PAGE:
The architects converted a five-story 1950’s apartment building, located on a commercial street lined with retail stores and office buildings, into a thirty-six room boutique hotel, with new services and amenities such as a swimming pool, gym, sauna, bar, and restaurant.
The old structure achieved a new identity because of its new wrapper, a frosted glass envelope composed of rectangular glass panels, which exists beyond the original facade. This “air buffer” not only controls heat gains, eliminating the need for heating and cooling systems, it also serves as an acoustical device and mediates the view while providing privacy. Sandwiched between the new and old facades are the original balconies and new corridors.
From a distance the new facade appears to be an expressionless mask but, at closer range, as a play of shadows appears, the shadowed walkways, balconies and guests become visible.
Small transparent bands are the new facade’s only adornment. These strategically small apertures provide each room choreographed views of the city beyond, framing the desirable and screening out the unsightly.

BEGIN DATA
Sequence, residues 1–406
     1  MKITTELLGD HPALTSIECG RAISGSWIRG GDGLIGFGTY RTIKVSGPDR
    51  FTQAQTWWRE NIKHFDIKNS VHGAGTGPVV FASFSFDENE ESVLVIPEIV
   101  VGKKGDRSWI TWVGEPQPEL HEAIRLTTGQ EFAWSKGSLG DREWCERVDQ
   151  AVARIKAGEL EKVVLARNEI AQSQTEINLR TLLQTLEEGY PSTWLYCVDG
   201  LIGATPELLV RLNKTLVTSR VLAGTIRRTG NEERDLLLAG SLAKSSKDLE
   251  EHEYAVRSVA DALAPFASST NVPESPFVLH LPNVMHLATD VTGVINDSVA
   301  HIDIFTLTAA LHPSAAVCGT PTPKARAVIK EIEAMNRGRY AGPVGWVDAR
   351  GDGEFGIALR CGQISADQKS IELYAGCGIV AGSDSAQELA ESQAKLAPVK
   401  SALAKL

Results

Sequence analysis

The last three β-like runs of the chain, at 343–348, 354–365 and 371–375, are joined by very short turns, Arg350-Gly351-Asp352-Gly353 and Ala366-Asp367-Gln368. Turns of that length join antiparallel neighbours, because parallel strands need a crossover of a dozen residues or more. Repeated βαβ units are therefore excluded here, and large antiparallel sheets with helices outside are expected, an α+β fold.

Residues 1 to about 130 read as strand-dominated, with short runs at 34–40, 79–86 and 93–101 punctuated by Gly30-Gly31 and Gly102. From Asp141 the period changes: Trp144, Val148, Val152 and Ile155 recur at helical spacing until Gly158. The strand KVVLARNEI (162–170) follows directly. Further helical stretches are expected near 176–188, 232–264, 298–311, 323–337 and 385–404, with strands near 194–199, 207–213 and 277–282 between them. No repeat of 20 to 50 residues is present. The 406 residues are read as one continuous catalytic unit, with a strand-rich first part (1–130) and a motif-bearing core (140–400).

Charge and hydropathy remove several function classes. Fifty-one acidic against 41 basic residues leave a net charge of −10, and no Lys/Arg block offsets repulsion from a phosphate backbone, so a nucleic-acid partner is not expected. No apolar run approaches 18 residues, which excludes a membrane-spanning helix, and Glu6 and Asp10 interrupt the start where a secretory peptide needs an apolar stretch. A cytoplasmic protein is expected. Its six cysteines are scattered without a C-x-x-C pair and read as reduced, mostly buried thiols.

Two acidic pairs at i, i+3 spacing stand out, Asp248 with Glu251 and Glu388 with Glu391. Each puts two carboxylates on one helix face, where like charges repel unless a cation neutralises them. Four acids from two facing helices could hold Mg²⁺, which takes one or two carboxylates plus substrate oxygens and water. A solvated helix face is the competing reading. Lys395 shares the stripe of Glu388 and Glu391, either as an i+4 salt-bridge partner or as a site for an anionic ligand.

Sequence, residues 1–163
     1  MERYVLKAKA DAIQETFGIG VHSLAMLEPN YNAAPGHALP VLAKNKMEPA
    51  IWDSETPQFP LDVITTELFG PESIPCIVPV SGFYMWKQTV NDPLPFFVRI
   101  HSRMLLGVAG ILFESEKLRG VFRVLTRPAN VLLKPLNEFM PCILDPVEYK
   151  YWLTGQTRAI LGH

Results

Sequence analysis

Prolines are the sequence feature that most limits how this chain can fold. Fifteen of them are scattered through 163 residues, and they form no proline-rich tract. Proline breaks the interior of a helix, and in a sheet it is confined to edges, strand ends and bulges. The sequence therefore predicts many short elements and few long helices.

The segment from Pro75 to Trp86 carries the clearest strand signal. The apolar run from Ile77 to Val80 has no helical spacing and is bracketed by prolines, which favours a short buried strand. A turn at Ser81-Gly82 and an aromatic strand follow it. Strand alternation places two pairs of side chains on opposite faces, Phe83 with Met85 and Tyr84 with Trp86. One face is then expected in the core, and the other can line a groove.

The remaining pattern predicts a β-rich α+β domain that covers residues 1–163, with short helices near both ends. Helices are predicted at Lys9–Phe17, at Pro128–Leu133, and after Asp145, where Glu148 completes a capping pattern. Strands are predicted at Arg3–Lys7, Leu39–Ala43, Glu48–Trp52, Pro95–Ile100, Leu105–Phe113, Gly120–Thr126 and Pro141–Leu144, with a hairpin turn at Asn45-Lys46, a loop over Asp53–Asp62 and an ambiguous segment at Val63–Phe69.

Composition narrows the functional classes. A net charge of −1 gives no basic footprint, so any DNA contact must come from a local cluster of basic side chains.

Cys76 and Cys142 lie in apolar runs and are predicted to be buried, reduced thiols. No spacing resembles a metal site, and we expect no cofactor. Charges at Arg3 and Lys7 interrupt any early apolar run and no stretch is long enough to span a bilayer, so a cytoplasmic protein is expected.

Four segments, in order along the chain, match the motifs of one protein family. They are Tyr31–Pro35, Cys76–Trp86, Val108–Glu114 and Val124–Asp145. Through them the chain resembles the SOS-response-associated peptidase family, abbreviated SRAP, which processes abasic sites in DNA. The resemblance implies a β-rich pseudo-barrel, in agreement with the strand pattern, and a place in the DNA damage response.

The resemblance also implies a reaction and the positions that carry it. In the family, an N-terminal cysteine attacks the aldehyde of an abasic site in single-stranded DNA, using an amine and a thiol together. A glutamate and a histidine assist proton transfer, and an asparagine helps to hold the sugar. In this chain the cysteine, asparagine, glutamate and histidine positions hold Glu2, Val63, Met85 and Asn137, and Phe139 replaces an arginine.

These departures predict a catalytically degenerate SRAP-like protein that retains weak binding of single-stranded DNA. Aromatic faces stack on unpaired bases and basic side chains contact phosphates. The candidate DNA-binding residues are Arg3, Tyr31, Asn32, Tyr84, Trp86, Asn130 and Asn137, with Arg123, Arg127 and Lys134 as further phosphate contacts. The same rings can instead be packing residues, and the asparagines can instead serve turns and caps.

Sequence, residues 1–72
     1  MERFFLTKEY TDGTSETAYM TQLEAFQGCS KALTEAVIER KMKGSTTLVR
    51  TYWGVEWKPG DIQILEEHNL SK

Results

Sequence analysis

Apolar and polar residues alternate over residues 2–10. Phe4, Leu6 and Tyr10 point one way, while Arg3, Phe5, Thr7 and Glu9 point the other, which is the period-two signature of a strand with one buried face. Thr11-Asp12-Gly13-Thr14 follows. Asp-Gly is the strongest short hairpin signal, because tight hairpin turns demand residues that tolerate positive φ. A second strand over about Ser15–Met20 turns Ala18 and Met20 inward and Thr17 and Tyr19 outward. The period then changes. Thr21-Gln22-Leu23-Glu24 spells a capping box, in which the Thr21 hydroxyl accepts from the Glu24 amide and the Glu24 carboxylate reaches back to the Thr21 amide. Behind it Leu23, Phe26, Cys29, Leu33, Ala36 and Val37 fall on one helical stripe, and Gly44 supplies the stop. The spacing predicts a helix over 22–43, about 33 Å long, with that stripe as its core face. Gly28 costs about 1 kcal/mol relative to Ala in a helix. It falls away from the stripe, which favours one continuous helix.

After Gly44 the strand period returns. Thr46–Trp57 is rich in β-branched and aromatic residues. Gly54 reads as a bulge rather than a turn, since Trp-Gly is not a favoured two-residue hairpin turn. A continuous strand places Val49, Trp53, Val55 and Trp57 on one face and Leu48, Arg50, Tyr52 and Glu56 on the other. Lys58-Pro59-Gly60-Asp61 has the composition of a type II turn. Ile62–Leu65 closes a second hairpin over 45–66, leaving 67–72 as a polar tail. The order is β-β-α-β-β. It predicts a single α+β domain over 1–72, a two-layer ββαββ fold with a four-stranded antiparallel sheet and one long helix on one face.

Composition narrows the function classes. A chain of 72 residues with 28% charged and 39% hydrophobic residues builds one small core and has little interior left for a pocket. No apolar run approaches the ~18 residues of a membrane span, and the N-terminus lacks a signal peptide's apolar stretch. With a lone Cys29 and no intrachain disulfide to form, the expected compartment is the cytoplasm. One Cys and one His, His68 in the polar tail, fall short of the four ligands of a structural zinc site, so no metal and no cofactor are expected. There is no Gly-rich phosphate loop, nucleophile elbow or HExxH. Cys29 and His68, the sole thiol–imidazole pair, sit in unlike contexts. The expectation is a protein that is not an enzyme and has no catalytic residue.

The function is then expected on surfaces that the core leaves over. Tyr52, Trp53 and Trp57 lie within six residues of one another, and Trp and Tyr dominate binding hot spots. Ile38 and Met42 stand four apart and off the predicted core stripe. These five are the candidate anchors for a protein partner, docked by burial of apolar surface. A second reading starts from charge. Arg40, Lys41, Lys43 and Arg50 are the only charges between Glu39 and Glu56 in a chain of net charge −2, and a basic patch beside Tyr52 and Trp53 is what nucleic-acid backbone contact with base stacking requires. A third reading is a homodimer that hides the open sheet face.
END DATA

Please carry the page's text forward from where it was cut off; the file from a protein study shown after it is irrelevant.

The rooms themselves look out onto two planes of floor-to-ceiling glass, the inner is transparent, the outermost, opaque. These planes are imbued with natural light all day and provide complete privacy. The decor of the rooms follow the austerity of the outer enclosure, as only a bed and a cantilevered plane of glass, which serves as both desk and table, occupy the space, everything else is concealed behind a polished panelled wall. This minimalist aesthetic enlarges the experience of the otherwise compact rooms.
The hotel has become a popular destination in the city and has transformed its surrounding area. The roof top pool, terrace, bar and lounge provide a public gathering space, and offer recovered views of the city.
At night, the entire building is transformed into a lantern with a changing checkerboard pattern of illumination, controlled by the room occupants.